Review by Talal Musa
I’ve got to admit, I was a massive sceptic when it came to VR.
Sure, climbing a ladder on Mt Everest was cool. Hell, even some of the recent trailers showing off John Woo-style gunplay piqued my interest. But no matter what marketing material was thrown my way, I remained unconvinced.
Embarking On A Quest
Enter the Quest 2 – Facebook’s latest entry into the Oculus line-up of headsets. It’s certainly handsomely packaged – swaddled comfortably with its two handgrips flanking the main unit. It makes a statement… and it needs to. The Quest 2 is going head to head (no pun intended) with the Xbox Series X / S and PS5 for consumer’s hard-earned cash this Christmas.
Thankfully, it’s hard not to get excited when the Quest 2 boots up – the clever virtual display teleporting you to a sun-kissed villa overlooking the sea (VR tourism, anyone?). And thanks to the Link cable, it’s incredibly easy to set up to your PC to enjoy a host of Steam VR games (more on this later).
For ease, we’ll break the Quest 2 into 3 areas… graphics/performance, comfort and of, course, games.
Menus are slick and stylish
The Quest 2 features a brand new LCD display that beams 1832 x 1920 pixels-per-eye – up 50 per cent on original Oculus Quest. Under the hood is a custom Snapdragon XR2, developed specifically with VR in mind. There’s even support for 90Hz (compared with the original Quest’s 72Hz), to help combat motion sickness and responsiveness.
All of this delivers a silky smooth VR experience with no noticeable slowdown. The real fun, though, comes with the Oculus Link cable, which is unfortunately sold separately at £62. Here, you can connect the Quest 2 to your PC and play arguably one of the best games of the past few years – Half-Life: Alyx. In fact, the game is so good it’s totally worth getting a VR just to try it. Plus, it looks stunning – truly next-gen.
Battery life is a decent 2/3 hours… and by that time you’ll need a break (more on this later).
Away from the games and the menus are super easy to navigate. Everything from setting up a guardian (play area) to configuring graphics and even customising your VR home is explained well and not complicated. It really is plug and play.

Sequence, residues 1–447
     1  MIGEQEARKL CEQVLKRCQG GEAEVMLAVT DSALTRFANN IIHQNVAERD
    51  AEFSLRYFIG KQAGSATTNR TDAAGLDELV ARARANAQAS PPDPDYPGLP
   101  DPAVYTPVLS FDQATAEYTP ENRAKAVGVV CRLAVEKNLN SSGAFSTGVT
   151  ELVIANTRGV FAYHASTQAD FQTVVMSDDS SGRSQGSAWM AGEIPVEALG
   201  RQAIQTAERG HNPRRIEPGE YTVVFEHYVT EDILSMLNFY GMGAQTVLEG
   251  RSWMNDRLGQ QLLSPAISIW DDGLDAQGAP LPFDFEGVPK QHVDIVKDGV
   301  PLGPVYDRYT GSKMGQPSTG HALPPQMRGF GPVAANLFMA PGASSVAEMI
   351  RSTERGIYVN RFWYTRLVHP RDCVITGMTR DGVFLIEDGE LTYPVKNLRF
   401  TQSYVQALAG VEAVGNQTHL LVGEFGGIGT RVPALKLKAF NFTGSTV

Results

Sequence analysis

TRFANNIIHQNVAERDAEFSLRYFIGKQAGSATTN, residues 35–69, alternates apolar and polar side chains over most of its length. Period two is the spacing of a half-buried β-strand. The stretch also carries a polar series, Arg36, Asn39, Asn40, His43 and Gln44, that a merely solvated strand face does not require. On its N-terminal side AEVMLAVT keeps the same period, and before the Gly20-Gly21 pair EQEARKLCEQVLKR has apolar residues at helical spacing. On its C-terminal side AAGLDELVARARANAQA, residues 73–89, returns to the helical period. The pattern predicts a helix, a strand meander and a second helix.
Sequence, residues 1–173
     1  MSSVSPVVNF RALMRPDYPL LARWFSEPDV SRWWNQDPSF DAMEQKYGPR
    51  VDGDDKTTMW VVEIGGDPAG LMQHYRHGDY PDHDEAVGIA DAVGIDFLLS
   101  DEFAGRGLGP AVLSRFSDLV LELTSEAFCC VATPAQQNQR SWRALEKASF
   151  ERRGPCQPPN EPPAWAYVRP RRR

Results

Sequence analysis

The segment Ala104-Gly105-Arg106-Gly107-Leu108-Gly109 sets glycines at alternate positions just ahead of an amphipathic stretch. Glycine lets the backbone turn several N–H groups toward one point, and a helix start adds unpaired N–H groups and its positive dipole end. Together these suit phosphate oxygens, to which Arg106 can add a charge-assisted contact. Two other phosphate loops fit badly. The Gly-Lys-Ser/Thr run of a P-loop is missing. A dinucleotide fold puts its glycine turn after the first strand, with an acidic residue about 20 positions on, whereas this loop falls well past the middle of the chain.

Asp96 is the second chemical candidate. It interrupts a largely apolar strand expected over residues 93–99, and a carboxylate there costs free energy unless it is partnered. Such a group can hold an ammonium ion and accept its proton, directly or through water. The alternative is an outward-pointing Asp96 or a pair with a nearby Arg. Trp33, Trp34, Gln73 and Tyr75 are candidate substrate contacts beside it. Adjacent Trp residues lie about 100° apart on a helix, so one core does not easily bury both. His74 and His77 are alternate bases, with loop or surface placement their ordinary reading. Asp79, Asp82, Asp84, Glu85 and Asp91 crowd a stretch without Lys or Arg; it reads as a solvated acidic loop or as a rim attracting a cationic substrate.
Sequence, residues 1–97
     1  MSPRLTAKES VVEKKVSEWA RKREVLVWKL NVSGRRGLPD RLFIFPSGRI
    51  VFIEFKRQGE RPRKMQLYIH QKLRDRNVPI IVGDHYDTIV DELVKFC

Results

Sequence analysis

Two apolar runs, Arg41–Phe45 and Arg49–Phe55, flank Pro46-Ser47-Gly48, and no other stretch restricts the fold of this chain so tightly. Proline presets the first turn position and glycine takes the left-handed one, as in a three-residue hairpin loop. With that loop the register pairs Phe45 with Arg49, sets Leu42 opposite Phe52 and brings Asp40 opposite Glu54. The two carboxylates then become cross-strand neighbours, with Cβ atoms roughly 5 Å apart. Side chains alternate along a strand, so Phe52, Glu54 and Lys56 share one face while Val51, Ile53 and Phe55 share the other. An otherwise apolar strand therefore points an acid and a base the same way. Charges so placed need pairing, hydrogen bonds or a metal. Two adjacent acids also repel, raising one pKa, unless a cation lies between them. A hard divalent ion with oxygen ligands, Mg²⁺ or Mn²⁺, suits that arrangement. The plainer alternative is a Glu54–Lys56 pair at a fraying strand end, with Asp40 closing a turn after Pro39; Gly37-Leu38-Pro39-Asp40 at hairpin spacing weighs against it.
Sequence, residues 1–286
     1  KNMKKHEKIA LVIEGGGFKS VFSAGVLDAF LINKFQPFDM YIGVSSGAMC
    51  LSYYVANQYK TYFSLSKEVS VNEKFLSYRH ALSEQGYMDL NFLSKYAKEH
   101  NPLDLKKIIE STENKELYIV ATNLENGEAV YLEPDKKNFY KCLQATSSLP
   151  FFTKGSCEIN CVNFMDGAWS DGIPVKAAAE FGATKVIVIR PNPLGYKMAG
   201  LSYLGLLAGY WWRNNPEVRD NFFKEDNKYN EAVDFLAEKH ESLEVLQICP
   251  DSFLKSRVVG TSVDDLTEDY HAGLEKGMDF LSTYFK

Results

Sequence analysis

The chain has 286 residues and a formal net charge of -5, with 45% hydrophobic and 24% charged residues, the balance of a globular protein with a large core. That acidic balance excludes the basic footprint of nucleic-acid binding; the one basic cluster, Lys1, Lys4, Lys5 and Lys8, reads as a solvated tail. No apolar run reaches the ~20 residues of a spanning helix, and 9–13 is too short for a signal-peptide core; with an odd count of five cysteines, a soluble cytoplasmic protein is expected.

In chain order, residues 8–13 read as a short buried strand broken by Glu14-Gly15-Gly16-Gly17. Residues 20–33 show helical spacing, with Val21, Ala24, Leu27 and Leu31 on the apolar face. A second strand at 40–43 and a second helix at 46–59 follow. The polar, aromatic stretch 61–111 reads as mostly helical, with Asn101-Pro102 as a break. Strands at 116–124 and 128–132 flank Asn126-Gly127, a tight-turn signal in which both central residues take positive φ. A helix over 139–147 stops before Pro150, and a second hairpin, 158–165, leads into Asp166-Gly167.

As for the controllers, they’re incredibly easy to use and feel sturdy. Again, for someone new to this VR world, I picked everything up easily. They’re battery powered so be prepared to replace them a few times if you’re a regular player.
The Quest 2 comes with an adjustable head strap and a, rather fiddling, head-width adjuster – which can take a bit of time to get right. Inside the unit, the screens can be moved depending on an individual’s eye position. Be warned, though – get this even slightly wrong and the image will appear blurred and you’ll be left with indents either side of your nose.
While the unit is front heavy, a lot of thought has been put into counterbalancing the weight. Still, after an hour or so, you’ll need a break.
Even on the second iteration, the lack of wires feels incredible
There are a ton of games that are available right from the off - such as Beat Saber, Superhot and a John Wick/John Woo inspired shooter called Pistol Whip (which I’m absolutely going to download after spotting it on the store last night).
Oh, and for Star Wars fans, there’s Vader: Immortal: A Star Wars VR Series which is definitely worth a look.
However, providing you’ve got a powerful PC, it’s absolutely worth linking to Steam VR and trying out the likes of Alyx and other, more graphically intense games. Upcoming games look strong, too – including a Splinter Cell game, Medal of Honor: Above and Beyond and Jurassic World: Aftermath.
So, some closing thoughts. Quest 2 has truly converted me. I’m now excited about VR and how it can sit alongside traditional gaming as a completely new experience. At £299, it’s cheaper than the Series X and PS5 but offers true next-gen VR performance.
VR will never replace TVs and monitors, but the experiences it offers are so mind-blowing – thanks largely to new tech – that the Quest 2 should be on every gamer’s Christmas list.
Review Unit Provided By Facebook